• Historic Centre of Riga

Visit: 11th-12th November 2017


Riga, capital of Latvia, was the destination of our only full-size lads trip in 2017. Earlier this year I travelled with Nowell to Hamburg and with Ross to Le Havre, but since there were only two of us each time they don’t really count. This time around we had Nowell, Ross, Chirag and – having not joined us since the trip to Germany in 2012 – David.


It was mid-afternoon and already going dark by the time we checked in to the hotel, so that left little to do but our favourite activity – drinking, eating and then drinking some more. The hotel featured a smoking room, which would probably not be allowed in Britain today and felt like a portal into the distant past.

The next morning we stepped out to explore the city. Riga was put on the UNESCO list as a result of its Hanseatic history – much like Bergen, and several other cities in the region.


The Latvians are a patriotic people, judging by the number of flags that fly in the streets. They achieved independence from the Soviet Union in 1990 as the era of Communism came to a close. One of the highlights of our Saturday sightseeing was the tower of St Peter’s Church, which gives a good view of the cityscape and the Daugava River.


We later walked out from the centre to find Albert Street, which is known for its collection of Art Nouveau buildings. Many of these were designed by Russian architect Mikhail Eisenstein – father of the film director, Sergei.


Being located on the North European Plain has meant Latvia was often subject to the machinations of its powerful neigbouring empires. In the 17th century Riga was a significant town in the Swedish Empire, which covered much of Scandinavia and the Baltics. The Germans and the Soviets both controlled it in the 20th century, but nowadays it is a proudly independent member of the European Union.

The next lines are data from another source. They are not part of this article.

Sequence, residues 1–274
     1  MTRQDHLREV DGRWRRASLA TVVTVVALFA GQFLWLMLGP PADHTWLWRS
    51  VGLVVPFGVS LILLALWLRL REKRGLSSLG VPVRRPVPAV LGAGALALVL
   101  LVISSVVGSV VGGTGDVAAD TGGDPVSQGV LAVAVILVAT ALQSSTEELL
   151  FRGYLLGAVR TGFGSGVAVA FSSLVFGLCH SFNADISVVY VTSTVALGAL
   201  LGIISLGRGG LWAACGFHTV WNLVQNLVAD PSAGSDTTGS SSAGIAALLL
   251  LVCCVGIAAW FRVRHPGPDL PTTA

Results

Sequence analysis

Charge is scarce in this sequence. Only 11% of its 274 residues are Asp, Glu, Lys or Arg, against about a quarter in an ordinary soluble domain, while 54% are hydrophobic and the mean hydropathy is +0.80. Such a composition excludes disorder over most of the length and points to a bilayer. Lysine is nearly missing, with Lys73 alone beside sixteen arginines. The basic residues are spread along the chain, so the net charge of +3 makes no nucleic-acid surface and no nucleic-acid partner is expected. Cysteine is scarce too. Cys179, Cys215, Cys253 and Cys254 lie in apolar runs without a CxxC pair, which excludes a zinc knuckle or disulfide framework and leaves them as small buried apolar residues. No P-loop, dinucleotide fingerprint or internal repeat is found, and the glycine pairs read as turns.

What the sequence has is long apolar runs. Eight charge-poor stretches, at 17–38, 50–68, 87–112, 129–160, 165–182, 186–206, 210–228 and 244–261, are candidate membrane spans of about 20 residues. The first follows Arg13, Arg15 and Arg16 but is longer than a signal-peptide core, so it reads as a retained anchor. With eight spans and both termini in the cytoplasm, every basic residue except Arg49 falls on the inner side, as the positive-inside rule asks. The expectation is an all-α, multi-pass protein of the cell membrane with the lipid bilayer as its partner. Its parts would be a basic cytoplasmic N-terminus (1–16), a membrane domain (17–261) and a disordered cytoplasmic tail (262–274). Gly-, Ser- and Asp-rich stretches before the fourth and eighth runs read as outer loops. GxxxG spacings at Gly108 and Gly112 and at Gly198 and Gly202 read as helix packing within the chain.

3 thoughts on “• Historic Centre of Riga

  1. Pingback: • Old Town of Segovia and its Aqueduct | Tom's World Heritage Site travel blog

  2. Ernest

    Thank you Tom, for this account of your travels in L Latvia.

    Have you heard that, in May, Rosie and I, together with Rosie’s friends Debbie Cox and Elizabeth Saxon, are going to Albania? We are walking across part of Albania staying in local people’s houses. This is being led by my friend, Tom Higgs, who now does this sort of thing for a living. I know Tom through scouting.

    I went on at a cross country skiing holiday with Tom and some explorer scouts in 2014. I was hopeless and could not let myself go on the slightest little incline it at all, Fortunately, we were staying at the same place each night. So Tom and the other man, on the trip, and the 6 teenagers went of touring the mountains and having adventures each day, while I went of walking and exploring on my own.

    Hopefully, I will be better at walking that I was at cross country skiing. At least I know that I can walk.I can walk.

    The reason for telling you all this is because I have just got, from the library, the Lonely Planet Guide to Eastern Europe, so I am learning a bit about Eastern Europe. I really know very little.

    with love



  3. Pingback: • Town Hall and Roland on the Marketplace of Bremen | Tom's World Heritage Site travel blog

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